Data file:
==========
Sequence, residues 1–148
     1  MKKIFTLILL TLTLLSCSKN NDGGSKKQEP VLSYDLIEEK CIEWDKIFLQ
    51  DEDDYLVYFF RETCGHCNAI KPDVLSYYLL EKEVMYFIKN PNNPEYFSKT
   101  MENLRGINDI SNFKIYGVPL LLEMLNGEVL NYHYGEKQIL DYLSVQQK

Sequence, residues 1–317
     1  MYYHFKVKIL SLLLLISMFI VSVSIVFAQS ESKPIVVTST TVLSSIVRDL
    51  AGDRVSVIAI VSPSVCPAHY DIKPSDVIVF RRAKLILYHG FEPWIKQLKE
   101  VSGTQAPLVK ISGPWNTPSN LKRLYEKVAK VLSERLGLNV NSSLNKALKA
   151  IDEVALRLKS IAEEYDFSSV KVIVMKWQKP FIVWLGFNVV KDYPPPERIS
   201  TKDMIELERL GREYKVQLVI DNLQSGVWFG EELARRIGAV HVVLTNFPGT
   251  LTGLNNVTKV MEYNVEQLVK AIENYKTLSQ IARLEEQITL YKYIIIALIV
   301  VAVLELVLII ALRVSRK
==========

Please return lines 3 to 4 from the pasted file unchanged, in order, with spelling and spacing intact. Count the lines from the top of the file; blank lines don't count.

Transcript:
    51  DEDDYLVYFF RETCGHCNAI KPDVLSYYLL EKEVMYFIKN PNNPEYFSKT
   101  MENLRGINDI SNFKIYGVPL LLEMLNGEVL NYHYGEKQIL DYLSVQQK